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Brew Language: Brush Up On Your Beer-Making Terms



The flow of carbonated bubbles to the top of the glass.

An online beer exchange for craft beer aficionados. If you’ve ever wanted to try an India pale ale from Tulsa or an ale from San Diego, you can buy some local craft beer and put it up for trade. There’s an official BEX site, but most trading occurs within Facebook groups and on Reddit. As for the legality of mailing beer? You’re on your own.

A 22-ounce bottle of beer sold as a single. One origin story suggests it derives from the English word “bumper,” used to describe a beer bottle with a more than average serving.

Burton Snatch
An antiquated term but too good not to include. It’s the smell of sulfur on a freshly poured beer, derived from the pale ales of Burton-on-Trent, England. The town’s water supply had extra calcium sulfate and that gave its ales the ideal amount of bitterness.

Cask Beer
Unfiltered and unpasteurized beer conditioned and fermented in a cask without any added carbon dioxide — aka “real ale.” If you like your beer cloudy, flat and slightly warm, Mekong is the only place to get cask beers regularly, although other breweries in town occasionally offer them.

Chill Haze
The scourge of home brewers. It’s the cloudy, foggy appearance that occurs when the proteins and tannins in a finished beer clump together upon chilling. Commercial brewers can filter out the yeast haze and artificially carbonate, but natural carbonation in the bottle requires live yeast.

Dry Hopping
A technique used in the brewing of many IPAs, double IPAs and other hop-forward beers. Dry hops are steeped in the beer like tea leaves, and then filtered out, adding hoppy flavors and aroma without any extra bitterness.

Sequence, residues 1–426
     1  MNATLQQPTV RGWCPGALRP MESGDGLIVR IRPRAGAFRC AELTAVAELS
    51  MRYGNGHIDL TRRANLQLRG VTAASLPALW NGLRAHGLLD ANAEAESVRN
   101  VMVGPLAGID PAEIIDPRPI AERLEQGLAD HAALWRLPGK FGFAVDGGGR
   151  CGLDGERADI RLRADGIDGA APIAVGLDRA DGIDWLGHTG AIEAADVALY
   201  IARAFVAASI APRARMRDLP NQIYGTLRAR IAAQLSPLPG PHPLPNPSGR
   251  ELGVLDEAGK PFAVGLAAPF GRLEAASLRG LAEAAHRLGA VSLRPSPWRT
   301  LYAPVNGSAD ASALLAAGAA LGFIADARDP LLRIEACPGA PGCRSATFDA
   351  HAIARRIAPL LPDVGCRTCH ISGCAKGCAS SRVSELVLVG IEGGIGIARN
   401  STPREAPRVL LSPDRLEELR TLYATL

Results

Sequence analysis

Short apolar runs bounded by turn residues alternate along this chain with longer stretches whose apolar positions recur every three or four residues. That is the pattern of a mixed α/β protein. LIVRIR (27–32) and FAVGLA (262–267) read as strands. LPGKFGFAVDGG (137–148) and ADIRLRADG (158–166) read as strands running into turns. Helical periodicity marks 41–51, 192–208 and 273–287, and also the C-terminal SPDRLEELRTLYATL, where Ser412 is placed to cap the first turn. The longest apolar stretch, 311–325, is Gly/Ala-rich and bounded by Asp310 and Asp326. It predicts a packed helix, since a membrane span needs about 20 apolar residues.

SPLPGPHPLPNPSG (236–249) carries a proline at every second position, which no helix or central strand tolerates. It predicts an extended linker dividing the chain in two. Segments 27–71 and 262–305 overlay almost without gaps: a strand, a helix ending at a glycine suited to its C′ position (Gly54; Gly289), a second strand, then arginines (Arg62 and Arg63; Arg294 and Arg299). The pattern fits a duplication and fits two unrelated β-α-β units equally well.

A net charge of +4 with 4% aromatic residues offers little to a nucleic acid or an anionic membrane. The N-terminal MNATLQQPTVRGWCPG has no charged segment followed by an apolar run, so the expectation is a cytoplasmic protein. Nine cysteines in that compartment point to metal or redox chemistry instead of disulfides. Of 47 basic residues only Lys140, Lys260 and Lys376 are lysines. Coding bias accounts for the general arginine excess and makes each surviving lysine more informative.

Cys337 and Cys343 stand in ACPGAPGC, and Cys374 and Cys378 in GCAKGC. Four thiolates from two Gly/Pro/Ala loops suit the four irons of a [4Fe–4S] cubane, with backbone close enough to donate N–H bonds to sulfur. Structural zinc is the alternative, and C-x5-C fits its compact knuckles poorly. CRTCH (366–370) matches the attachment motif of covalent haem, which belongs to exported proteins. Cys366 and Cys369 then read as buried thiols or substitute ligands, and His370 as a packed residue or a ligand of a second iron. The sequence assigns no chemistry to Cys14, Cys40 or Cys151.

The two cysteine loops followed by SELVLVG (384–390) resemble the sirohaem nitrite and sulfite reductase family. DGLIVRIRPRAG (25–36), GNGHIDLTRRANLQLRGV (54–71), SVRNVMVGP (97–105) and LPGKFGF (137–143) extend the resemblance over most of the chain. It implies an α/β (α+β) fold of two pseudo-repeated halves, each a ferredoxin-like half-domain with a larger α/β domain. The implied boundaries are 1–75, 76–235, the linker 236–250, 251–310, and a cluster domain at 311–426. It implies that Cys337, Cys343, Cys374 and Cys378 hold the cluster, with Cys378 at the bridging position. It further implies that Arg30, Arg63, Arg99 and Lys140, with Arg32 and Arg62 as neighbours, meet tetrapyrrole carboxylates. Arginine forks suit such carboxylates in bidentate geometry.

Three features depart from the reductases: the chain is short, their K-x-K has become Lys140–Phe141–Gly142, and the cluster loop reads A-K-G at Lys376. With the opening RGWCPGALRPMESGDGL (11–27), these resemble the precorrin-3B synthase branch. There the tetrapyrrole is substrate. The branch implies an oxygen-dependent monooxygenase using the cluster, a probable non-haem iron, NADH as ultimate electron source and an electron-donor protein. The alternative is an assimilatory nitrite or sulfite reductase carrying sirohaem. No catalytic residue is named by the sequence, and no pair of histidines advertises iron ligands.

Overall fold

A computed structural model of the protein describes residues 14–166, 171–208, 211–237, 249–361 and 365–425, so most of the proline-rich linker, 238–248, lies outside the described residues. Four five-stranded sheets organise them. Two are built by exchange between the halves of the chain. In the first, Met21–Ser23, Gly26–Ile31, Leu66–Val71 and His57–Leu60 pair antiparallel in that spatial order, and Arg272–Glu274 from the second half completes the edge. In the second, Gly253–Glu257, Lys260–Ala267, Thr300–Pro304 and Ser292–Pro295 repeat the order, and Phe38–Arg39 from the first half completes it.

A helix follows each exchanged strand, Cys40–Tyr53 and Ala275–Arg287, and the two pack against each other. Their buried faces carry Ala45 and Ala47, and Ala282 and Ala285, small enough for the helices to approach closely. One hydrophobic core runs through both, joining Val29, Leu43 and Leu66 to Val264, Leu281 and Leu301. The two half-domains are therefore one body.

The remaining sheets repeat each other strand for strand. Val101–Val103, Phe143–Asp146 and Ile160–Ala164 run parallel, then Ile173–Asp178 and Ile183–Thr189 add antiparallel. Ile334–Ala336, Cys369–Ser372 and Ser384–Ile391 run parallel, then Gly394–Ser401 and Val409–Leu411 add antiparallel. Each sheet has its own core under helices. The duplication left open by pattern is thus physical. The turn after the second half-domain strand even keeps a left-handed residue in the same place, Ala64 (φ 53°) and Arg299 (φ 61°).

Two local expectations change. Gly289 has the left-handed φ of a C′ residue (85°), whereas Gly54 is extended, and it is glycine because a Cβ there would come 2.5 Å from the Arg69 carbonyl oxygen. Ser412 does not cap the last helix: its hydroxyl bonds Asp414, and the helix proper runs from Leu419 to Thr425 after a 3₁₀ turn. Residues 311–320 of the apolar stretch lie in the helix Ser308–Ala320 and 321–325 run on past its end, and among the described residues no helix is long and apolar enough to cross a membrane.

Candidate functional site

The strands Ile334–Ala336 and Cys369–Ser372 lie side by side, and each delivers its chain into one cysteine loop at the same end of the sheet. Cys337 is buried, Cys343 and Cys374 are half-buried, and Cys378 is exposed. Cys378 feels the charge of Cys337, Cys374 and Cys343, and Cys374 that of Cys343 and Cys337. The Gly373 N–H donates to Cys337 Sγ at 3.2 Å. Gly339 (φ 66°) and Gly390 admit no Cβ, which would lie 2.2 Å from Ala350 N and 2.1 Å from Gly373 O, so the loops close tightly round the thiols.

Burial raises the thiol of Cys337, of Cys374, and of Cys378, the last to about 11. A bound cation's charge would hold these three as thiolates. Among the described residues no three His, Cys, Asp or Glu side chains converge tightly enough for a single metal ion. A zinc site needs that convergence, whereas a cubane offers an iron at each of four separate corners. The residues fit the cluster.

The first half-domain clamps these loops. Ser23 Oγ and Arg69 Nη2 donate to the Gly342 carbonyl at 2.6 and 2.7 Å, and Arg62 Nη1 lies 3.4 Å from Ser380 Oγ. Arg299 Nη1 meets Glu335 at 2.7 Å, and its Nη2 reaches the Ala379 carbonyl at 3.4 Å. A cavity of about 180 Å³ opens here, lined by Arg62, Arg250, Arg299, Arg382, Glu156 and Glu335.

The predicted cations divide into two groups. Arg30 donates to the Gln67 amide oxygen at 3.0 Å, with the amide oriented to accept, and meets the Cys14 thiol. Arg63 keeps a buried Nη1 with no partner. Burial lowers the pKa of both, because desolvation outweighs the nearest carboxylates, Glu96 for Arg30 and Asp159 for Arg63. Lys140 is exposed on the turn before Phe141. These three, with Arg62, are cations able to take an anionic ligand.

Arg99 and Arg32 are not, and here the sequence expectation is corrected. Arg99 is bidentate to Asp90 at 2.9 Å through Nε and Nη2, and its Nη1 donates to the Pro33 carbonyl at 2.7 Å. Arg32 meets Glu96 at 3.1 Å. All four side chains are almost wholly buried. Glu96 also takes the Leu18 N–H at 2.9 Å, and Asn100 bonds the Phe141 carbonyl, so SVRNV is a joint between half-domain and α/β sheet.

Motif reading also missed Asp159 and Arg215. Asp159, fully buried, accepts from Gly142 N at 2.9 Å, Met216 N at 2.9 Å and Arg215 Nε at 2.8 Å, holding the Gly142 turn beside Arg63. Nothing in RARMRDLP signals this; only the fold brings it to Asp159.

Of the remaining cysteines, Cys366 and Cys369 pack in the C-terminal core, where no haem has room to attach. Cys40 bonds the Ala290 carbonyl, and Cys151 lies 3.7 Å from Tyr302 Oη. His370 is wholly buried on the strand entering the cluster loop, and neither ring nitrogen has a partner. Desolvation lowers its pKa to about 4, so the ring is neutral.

Final Gravity
Not a local band name — yet. It’s the density of a finished brew in relation to its mass. A higher final gravity suggests that more sugars have been converted into higher alcohol content.

A cask that holds 54 gallons.

Head Retention
This is the foam stability of a beer, measured by how many seconds it takes a 1-inch head to collapse. Without the aid of your gross finger.

Mouth feel
A ridiculous term used indiscriminately at food and beverage tastings. For beer, it’s texture, carbonation, fullness and the aftertaste you experience when sipping. You can say, “This stout has a compelling mouth feel,” in public — but should you?

A beer with a lighter body and low enough alcohol content that you can drink it all day. Still not doctor-approved.

Shelf Turds
Often the fate of a big brewery’s limited release. It’s a beer that was marketed as special, but the company produces too much of it. In the words of one craft beer lover, “If you don’t have to stand in line to get it, you don’t want it.”

Cloudy beer.

A film of yeast that occurs during the brewing process when there’s spontaneous fermentation, a delicate, difficult process.

A much-anticipated beer amongst the BEX set. You’ll stand in line at the brewery for hours — or enter a lottery for the chance to stand in line — just for the opportunity to buy a single bottle.

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